Occupational tuberculosis in health care workers in sub-Saharan Africa: a systematic review

Alele, Faith O., Franklin, Richard C., Leggat, Peter A., and Emeto, Theophilus I. (2016) Occupational tuberculosis in health care workers in sub-Saharan Africa: a systematic review. In: Abstracts from the Townsville Health Research Week 2016. p. 30. From: Townsville Health Research Week 2016: Spotlight on Preventative Health, 12-15 September, 2016, Townsville, QLD, Australia.

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Background: Tuberculosis (TB) is a leading cause of death globally. Sub-Saharan Africa (SSA) in particular has a high burden of TB, which places health care workers (HCWs) at increased risk of occupational exposure to TB.

Aim: To describe the incidence, and prevalence of latent TB infection/disease in HCWs, and explore the effectiveness of infection control measures to protect HCWs in SSA. Method: A systematic review following the Preferred Reporting Items for Systematic Reviews and Meta-Analyses (PRISMA) statement was conducted using the databases: PubMed, Web of Science, Scopus, and Medline, up to March 2016. Thirteen studies were found reporting the prevalence, incidence of latent TB infection/TB disease among HCWs, and the effectiveness of infection control strategies in SSA.

Results: The median prevalence of latent TB infection (using a positive tuberculin skin test) in HCWS was 61% (range 45% to 84%). Markers of occupational exposure associated with latent TB infection among HCWS were longer duration of work, and exposure to TB patients. The median annual incidence of TB infection attributable to occupational exposure was 29% (range 19.3% to 38%) after accounting for the infection in the general population. The rate of active TB in HCWS was higher than in the general population. Administrative, personal and engineering control measures had no impact on the development of TB disease.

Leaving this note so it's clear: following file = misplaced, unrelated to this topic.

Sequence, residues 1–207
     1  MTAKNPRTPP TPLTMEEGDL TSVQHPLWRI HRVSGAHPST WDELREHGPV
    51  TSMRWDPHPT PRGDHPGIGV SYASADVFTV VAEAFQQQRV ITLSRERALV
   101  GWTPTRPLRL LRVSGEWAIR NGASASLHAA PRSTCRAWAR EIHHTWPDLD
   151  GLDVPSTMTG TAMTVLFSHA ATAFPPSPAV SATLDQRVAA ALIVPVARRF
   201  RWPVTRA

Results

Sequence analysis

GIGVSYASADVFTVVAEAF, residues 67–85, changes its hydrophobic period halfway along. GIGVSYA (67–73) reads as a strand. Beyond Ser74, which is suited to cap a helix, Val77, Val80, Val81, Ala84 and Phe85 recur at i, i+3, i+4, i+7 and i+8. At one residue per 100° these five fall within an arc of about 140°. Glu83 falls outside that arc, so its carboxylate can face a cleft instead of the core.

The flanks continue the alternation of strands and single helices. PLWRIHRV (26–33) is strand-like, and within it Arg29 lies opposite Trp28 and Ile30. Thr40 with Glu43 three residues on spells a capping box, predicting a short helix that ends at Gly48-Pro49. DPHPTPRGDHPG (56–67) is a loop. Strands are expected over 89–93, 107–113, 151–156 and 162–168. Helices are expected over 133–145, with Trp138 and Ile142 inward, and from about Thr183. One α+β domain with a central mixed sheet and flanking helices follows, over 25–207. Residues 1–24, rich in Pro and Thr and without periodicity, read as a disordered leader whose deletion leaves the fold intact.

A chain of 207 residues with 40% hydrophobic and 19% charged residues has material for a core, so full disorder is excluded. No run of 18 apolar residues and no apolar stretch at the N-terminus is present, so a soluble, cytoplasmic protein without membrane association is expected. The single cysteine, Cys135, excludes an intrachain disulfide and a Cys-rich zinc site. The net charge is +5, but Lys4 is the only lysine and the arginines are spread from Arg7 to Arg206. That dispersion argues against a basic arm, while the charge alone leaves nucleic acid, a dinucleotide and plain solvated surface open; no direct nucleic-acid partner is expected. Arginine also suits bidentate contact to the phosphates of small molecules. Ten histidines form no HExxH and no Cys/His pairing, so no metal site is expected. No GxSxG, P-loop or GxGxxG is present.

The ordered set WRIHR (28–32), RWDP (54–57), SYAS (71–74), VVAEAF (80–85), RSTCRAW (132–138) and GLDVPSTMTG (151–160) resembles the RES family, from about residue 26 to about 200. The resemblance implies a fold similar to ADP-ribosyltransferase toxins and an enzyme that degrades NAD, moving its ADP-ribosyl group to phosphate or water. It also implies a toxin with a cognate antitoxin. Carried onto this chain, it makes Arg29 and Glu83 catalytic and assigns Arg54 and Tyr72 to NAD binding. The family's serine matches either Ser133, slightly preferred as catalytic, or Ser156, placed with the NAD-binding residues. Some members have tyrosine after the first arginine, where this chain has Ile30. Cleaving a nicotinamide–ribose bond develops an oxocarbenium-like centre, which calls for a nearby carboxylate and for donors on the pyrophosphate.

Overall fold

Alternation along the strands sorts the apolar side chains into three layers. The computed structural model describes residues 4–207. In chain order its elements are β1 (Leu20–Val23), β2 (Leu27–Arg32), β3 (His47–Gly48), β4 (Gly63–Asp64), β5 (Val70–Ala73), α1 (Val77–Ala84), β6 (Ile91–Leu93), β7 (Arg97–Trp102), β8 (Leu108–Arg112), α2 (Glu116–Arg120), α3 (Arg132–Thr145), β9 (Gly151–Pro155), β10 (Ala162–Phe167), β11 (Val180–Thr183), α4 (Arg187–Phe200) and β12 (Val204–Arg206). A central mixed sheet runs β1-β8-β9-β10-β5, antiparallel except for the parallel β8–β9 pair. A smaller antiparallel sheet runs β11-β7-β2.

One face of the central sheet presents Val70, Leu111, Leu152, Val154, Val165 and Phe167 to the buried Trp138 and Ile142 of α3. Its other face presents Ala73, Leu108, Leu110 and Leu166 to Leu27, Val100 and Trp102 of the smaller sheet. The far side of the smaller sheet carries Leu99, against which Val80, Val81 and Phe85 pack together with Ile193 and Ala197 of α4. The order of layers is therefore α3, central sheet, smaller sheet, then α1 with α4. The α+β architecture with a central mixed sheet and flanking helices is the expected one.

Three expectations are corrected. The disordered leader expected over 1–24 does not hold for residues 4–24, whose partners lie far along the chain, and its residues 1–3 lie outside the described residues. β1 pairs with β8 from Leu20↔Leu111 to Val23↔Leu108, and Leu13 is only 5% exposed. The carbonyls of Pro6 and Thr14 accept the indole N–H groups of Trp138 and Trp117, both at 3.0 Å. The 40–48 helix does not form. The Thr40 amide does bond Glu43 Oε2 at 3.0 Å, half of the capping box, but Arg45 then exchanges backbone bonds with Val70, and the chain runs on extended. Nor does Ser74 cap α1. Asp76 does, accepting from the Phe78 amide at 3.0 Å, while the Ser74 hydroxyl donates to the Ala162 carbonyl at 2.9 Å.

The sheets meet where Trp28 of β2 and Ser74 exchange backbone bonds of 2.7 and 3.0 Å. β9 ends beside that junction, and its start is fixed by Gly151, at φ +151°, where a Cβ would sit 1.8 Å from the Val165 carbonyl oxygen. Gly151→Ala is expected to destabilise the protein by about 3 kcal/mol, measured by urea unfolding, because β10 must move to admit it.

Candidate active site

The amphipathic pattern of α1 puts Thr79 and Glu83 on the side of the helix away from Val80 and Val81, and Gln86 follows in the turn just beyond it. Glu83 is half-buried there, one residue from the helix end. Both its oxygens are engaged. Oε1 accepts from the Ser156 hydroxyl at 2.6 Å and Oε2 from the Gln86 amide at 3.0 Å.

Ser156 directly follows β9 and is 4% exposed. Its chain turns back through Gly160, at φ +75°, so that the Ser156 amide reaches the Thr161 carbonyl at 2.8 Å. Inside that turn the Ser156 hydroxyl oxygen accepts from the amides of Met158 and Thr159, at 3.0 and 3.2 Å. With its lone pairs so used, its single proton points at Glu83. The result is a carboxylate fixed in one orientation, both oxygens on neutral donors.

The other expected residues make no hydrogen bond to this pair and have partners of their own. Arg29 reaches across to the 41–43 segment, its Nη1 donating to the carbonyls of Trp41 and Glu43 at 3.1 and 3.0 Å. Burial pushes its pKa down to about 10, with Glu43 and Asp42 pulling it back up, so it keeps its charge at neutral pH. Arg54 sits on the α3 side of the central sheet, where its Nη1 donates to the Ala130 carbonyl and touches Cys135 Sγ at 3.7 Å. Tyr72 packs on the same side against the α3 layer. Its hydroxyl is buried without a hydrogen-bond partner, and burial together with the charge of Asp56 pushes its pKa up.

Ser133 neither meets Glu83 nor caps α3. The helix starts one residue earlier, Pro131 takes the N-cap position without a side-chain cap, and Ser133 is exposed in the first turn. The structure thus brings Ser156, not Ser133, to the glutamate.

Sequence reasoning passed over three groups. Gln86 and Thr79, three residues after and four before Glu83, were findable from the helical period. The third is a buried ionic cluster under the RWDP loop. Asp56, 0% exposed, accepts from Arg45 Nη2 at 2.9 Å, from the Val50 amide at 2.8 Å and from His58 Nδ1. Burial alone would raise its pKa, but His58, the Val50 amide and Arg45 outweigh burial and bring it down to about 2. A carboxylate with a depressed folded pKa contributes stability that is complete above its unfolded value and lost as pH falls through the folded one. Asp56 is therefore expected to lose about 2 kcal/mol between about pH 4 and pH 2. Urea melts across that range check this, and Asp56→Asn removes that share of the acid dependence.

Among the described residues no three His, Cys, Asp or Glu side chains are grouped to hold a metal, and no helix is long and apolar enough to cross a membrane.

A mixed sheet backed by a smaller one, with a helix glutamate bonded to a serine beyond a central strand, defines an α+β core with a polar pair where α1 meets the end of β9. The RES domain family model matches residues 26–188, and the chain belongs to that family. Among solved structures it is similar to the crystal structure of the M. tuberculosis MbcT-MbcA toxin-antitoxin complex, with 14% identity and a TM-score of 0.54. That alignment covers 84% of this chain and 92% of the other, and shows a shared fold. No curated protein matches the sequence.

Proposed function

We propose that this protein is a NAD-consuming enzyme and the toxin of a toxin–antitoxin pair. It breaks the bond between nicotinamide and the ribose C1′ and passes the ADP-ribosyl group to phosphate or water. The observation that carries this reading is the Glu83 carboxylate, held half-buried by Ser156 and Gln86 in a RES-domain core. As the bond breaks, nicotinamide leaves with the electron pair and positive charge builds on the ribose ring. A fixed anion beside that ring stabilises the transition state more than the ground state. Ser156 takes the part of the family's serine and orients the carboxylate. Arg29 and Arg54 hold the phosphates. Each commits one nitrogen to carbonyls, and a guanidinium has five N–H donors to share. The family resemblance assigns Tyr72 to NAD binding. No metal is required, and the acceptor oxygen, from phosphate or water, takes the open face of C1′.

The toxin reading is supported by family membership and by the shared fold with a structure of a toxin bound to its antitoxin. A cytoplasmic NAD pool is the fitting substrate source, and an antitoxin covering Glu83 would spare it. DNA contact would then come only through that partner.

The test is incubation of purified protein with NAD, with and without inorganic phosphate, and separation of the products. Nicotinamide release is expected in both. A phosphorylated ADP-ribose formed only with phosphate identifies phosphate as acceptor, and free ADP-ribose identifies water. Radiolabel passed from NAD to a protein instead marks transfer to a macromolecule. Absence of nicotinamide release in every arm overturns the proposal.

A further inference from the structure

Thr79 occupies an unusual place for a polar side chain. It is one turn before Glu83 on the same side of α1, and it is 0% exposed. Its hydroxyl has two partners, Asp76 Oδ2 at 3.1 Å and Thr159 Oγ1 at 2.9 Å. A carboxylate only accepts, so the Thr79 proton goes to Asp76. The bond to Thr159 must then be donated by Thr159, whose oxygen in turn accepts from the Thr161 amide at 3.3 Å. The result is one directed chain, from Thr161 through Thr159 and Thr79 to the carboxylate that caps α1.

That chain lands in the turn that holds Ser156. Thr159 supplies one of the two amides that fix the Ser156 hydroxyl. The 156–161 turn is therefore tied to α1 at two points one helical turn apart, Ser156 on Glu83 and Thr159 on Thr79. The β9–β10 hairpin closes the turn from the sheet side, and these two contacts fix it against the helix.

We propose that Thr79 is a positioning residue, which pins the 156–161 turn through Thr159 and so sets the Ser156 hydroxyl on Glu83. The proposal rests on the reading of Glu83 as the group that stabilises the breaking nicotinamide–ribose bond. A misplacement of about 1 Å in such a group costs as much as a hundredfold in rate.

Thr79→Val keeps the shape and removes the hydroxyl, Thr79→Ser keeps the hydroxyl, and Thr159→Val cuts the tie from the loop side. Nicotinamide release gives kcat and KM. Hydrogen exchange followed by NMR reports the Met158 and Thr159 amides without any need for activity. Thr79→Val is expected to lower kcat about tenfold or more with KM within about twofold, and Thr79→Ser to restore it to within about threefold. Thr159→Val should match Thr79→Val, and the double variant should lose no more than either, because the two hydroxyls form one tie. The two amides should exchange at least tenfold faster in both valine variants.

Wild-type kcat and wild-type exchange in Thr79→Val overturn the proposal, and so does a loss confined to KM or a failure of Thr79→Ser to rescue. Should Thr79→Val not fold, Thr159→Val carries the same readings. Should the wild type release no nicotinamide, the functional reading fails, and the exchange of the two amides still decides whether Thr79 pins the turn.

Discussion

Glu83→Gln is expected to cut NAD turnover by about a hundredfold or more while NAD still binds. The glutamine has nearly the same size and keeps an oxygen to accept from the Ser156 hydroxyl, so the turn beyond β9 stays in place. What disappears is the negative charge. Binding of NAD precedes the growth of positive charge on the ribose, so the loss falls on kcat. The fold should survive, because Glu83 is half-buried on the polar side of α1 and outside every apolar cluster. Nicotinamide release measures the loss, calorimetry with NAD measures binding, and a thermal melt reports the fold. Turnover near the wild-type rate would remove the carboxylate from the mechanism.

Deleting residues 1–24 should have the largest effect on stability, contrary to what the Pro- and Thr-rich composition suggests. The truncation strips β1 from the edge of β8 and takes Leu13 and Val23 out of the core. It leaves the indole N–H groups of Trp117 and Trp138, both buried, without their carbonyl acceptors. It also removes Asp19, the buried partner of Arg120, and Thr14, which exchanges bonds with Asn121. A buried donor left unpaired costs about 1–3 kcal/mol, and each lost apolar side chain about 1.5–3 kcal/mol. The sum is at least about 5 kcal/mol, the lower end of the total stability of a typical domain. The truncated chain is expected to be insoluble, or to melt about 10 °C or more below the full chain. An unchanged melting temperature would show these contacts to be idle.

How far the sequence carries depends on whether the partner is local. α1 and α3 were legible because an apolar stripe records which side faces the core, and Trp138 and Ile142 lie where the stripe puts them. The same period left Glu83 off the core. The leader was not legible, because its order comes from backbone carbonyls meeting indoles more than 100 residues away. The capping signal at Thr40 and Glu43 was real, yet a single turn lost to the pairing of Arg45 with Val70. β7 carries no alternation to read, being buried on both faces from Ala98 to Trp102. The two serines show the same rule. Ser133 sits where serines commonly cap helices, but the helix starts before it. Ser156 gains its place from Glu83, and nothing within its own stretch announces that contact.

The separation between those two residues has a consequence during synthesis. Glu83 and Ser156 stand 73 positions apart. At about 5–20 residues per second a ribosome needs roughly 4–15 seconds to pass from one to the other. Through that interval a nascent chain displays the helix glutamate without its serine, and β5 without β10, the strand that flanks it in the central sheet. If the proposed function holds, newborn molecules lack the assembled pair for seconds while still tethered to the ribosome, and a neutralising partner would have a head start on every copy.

Conclusions: The risk of acquiring TB disease among HCWs in SSA was high and was associated with poor infection control measures. This may impact on the recruitment, longevity and retention of HCWs.

Item ID: 45973
Item Type: Conference Item (Abstract / Summary)
Date Deposited: 11 Oct 2016 01:51
FoR Codes: 11 MEDICAL AND HEALTH SCIENCES > 1117 Public Health and Health Services > 111705 Environmental and Occupational Health and Safety @ 100%
SEO Codes: 92 HEALTH > 9204 Public Health (excl. Specific Population Health) > 920409 Injury Control @ 50%
92 HEALTH > 9201 Clinical Health (Organs, Diseases and Abnormal Conditions) > 920109 Infectious Diseases @ 50%
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